My father was a chiropractor who did house calls, so when I became a DC, I figured doing house calls was part of the job. My March article recalled my experience as a small boy, accompanying my dad while he went to patients' homes to treat them.
New Relationships, Old Trauma: AOM & Other Healing Strategies
Being in love is one the most beautiful and enjoyable experiences. Most of us are willing to pay almost any price to have that experience, and still often find it elusive or fleeting. Navigating the ups and downs of loving relationships are often challenging — even for the most psychologically balanced among us.
A Major Role in Back Pain: The Multifidus
Back pain affects roughly 80 percent of the population at one time or another and is one of the leading causes of doctor visits.
Balancing Spring Challenges
As the winter months come to a close and warmer spring weather appears, patients may begin to present with new challenging pattern presentations.
Women's Hormones: A Western & Eastern Perspective
Sometimes it may seem that you require a degree in medicine to understand hormones and how they function.
March, 2011, Vol. 11, Issue 03
Desexualizing the Touch Experience: A Proactive Approach
By Cherie Sohnen-Moe
Sexuality is a natural part of the human experience. We are born as sexual beings with a need for touch and intimacy. We require a healthy environment that supports our natural development in these areas to thrive as organisms.By definition, sex, touch and intimacy are three distinct behaviors and experiences. The fact that they overlap at times is what creates confusion.
In the September issue of Massage Today, I wrote about what to do when a client crosses the line. The focus of that article was on the specific steps to take when your boundaries are ignored. This is the first part of a two-part series where we explore the importance of desexualizing the touch experience and steps you can take to help prevent clients from crossing your boundaries.
Sexuality and the Touch Experience
The general public, clients and practitioners all share in the confusion about how massage therapy and sexuality are inter-related. The intentional misuse of language (e.g., massage as a euphemism for prostitution) has had a profound impact on the public's understanding of massage therapy. The misuse of words is not just a semantic problem; it is a personal and cultural issue about how people relate to certain parts of the body and human experience.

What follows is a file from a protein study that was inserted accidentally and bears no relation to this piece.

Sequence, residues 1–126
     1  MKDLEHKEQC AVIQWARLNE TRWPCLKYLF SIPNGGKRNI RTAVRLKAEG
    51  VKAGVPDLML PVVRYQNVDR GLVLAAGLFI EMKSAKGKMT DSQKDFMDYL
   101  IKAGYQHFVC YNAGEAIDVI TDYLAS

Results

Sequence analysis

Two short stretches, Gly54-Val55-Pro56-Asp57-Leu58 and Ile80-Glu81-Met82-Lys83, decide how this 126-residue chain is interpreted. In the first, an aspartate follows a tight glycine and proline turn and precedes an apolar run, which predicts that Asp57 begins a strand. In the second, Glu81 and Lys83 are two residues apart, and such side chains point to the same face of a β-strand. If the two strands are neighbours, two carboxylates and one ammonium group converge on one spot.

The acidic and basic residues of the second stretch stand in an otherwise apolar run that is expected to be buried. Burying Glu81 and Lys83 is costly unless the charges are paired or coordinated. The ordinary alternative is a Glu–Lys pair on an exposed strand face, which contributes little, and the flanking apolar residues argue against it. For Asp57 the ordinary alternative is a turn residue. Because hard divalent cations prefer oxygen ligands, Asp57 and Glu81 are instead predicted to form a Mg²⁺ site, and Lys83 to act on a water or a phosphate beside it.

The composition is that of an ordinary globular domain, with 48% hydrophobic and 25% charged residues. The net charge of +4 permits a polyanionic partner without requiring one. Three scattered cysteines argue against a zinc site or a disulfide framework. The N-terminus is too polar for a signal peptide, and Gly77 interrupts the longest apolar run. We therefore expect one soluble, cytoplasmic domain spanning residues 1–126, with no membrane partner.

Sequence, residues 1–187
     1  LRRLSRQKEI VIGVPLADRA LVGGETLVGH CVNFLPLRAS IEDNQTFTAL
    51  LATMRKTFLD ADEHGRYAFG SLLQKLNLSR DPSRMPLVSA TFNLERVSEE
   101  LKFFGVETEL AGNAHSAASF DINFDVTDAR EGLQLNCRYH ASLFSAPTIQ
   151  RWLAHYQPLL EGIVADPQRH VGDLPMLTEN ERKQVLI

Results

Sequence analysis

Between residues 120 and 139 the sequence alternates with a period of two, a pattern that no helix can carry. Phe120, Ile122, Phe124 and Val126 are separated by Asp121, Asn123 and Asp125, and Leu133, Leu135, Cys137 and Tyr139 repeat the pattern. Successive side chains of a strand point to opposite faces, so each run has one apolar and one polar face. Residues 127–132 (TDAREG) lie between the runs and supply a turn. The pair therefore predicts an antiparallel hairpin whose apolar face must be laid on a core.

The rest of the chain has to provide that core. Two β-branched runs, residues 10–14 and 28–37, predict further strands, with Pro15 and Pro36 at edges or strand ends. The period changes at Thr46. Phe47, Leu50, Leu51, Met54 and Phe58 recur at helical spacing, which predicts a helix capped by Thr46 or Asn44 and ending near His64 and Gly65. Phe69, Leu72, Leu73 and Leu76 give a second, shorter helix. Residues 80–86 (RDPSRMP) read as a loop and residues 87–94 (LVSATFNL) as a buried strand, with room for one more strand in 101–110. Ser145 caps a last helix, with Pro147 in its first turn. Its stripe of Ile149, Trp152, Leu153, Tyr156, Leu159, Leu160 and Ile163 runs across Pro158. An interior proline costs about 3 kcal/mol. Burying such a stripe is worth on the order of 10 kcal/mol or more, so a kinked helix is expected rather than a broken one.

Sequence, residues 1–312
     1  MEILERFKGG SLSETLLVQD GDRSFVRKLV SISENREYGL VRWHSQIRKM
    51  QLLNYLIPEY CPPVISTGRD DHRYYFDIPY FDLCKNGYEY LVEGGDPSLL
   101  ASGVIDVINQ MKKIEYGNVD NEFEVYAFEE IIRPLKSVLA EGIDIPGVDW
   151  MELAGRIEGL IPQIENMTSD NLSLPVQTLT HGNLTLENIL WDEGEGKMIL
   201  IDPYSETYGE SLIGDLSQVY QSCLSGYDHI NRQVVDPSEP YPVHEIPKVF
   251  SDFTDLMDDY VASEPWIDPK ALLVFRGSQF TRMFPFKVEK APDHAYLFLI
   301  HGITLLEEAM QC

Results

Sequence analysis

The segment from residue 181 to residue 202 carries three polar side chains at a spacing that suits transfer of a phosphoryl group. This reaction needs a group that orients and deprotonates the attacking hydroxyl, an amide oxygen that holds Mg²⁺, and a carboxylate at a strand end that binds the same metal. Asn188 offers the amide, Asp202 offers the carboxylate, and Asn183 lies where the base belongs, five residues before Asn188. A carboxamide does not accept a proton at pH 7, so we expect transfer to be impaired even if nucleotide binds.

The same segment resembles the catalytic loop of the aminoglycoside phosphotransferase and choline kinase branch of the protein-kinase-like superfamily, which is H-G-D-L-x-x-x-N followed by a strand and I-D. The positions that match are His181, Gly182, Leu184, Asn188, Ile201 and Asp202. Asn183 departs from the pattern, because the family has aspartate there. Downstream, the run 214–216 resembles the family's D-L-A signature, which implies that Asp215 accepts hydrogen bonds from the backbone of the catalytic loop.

Unfortunately, we have been forced to spend the past three decades defending our profession and proving to the world that massage therapists are not prostitutes. One of the repercussions of this has been a dissociation with the sensual aspect of our work. Too many people attempt to ignore the elephant in the corner. This denial can lead to problems. Pretending that something doesn't exist is generally ineffective. Every client and every practitioner brings their sexual nature and background with them into the therapeutic setting. The key is to create an environment that demonstrates professionalism, sets healthy boundaries, and allows sexuality while desexualizing the touch experience.
The term desexualize is best defined by examining its opposite: sexualize. In the book, Behind Closed Doors: Gender, Sexuality & Touch in the Doctor/Patient Relationship by Angelica Redleaf, DC, she defines sexualizing as: "Making an event, procedure, conversation, or experience into something that is sexual or could be interpreted as sexual." Desexualizing, then, means ensuring that the treatment is not in any way turned into a sexual experience for either the massage therapist or the client. Keep in mind that while correct intentions and acting professionally does not guarantee the absence of inappropriate expressions of sexuality in treatment sessions, they can mitigate those expressions.
Proactive Steps to Desexualize Massage